There are quite a few consultants in the over-40 category, and that they tend to be well paid. In this post, I want to speak to some of my older compatriots about what their role is, other than just banking those big bucks. And then I’ll conclude with a few words to my younger colleagues about how to deal with us old fogies.
One thing that we old folks can do is tell stories that the young ‘uns can’t match—about such things as paper tape, relays, mercury delay lines, and sauerkraut. Sauerkraut?
Well, it’s this way. Back in the Summer of ‘49, I was on the picnic/softball circuit in Omaha, and during a game against the Tigers, I ate some sauerkraut in the bottom of the fourth inning. In the bottom of the eighth, I stretched a single into a double, sliding head first into second base—and throwing up all over the second base bag.
It was a summer to remember. The good part was that we beat the Tigers three times and won the championship. The bad? I had sauerkraut twice more and threw up both times—once behind the bench and once, as I gained more experience, under the bleachers.
Recently, I was telling some young software maintainers and their boss, Ted, about that Summer of ‘49, and Thurman asked, “Does sauerkraut still make you sick?”
“I don’t rightly know, young feller,” I honestly replied. “I haven’t et any in 50 years.”
“Oh,” Thurman said. “You should try some again. Maybe now it wouldn’t make you sick.”
“Could be,” I opined, “but I don’t see the benefit in trying. As I recall, I didn’t fancy sauerkraut all that much to begin with.”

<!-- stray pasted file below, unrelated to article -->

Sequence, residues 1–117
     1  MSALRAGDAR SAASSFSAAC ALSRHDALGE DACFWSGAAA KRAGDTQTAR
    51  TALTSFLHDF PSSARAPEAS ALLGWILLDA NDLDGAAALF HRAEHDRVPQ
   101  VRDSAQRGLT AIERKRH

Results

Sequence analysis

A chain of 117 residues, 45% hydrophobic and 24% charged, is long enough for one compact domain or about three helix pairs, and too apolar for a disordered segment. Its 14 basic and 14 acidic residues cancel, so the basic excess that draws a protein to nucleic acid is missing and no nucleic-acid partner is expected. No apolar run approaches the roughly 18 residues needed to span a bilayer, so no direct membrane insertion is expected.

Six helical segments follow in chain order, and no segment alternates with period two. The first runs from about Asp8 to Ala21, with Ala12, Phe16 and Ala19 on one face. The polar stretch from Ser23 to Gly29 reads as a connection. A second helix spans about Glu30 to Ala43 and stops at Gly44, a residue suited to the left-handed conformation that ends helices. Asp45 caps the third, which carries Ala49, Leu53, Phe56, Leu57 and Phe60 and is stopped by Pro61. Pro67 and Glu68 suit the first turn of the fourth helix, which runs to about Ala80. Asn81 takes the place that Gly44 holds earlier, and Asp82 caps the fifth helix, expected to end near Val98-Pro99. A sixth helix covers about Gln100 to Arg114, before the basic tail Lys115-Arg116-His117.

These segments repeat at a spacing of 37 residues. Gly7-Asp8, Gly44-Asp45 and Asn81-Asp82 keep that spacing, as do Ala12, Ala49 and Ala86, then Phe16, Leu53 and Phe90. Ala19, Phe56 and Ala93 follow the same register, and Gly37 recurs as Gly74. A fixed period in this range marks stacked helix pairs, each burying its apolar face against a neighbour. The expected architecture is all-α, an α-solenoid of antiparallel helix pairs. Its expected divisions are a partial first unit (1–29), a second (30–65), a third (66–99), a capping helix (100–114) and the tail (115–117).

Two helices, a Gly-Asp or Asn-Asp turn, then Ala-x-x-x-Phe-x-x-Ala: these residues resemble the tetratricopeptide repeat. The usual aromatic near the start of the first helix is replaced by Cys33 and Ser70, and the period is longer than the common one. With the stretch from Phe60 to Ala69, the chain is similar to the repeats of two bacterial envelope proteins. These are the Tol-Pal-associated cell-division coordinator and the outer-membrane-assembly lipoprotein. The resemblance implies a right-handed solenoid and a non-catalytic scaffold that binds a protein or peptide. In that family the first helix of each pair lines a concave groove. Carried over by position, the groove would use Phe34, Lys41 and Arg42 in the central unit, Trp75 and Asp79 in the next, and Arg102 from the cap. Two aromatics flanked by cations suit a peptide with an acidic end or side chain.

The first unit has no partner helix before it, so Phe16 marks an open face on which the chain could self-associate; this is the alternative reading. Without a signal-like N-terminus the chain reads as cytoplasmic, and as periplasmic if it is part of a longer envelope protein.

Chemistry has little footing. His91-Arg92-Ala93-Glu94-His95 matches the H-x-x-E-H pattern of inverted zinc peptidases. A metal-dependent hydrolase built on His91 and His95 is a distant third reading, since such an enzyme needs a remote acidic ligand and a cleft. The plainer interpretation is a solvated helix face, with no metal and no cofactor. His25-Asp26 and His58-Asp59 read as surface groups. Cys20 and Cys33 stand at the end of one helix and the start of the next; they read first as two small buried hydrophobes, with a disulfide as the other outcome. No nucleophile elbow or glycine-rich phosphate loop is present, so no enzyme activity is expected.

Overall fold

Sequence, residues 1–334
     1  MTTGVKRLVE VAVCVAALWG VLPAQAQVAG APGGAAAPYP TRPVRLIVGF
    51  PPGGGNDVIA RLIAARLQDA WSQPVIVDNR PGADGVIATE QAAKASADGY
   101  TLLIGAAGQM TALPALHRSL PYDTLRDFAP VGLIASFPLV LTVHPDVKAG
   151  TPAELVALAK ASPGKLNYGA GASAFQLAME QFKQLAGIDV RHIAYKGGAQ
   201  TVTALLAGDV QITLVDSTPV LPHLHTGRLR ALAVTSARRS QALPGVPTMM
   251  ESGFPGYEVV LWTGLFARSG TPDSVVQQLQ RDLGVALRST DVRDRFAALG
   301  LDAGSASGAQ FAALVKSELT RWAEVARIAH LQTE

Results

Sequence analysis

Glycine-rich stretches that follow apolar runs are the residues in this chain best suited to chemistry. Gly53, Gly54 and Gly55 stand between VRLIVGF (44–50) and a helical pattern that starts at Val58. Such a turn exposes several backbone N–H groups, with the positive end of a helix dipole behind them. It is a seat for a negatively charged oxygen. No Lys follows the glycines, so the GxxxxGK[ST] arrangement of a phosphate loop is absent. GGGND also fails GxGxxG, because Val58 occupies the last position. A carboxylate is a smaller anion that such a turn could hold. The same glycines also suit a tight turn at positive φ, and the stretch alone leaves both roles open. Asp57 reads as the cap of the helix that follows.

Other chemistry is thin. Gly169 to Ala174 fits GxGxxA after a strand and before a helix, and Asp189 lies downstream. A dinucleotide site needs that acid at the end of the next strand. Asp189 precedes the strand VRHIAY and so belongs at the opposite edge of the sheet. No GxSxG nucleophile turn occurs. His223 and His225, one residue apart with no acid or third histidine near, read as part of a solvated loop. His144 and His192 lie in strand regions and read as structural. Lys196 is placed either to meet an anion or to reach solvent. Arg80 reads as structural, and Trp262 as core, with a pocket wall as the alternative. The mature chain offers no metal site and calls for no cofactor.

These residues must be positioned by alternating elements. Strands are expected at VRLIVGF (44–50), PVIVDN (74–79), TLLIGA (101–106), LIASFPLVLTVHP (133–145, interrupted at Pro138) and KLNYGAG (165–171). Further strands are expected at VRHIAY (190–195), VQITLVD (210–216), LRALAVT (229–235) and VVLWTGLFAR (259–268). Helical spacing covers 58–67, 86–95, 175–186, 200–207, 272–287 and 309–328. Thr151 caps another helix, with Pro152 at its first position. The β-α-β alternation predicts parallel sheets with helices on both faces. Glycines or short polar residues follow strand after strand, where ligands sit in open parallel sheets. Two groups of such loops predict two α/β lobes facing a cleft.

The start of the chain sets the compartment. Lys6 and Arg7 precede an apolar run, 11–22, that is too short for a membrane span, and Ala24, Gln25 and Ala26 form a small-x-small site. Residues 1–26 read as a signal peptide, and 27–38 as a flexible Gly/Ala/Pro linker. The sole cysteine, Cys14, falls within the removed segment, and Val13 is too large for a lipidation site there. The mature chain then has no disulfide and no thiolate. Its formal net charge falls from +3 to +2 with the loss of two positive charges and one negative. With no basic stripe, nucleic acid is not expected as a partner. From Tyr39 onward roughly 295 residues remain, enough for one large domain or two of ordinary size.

I told a few more scintillating stories, and then we got back to work, trying to get a thorny maintenance bramble under control. At a certain point, Thurman suggested that Ted offer the maintenance programmers to opportunity to try what I call “worst-first” preventive maintenance. The maintainers would identify one component of the system that caused the most maintenance headaches, and it would be rewritten, to reduce maintenance problems.
Ted, who was showing small touches of gray around the temples, said, “I’ve seen that technique tried, and it didn’t work. The new component was just as buggy as the original, so the development effort was wasted. Since it was my idea, the management decided they would let me go. No, I’m not going to try that again.”
“So,” Thurman pitched in, “to you it’s like sauerkraut.”
“What do you mean,” Ted asked, a befuddled look on his wrinkled face.
“Well, Jerry tried sauerkraut a long time ago and it didn’t sit very well, so he’s never tried it again. Just like you and worst-first maintenance.”
Can you see now why we old guys hate you young whipper-snappers? Nobody likes to hear the truth about how they’ve aged and changed from innovators to arch-conservatives, victims of the Sauerkraut Syndrome, which works inside our heads like this:
“I’ve tried that before and gotten punished. The potential payoff for me in trying again isn’t big enough compared with the possibilities for punishment. So, I’m not going to try it again.”
The Sauerkraut Syndrome is a perfectly reasonable attitude for the older contractor. What’s not reasonable is for us old geezers to stand in the way of younger people who want to try something different. For one thing, some things do change in fifty years, or twenty, or even two. For another, the payoffs are different. Thurman has a long career ahead of him—a lot of time to recover—and a great need to get some experiences under his belt.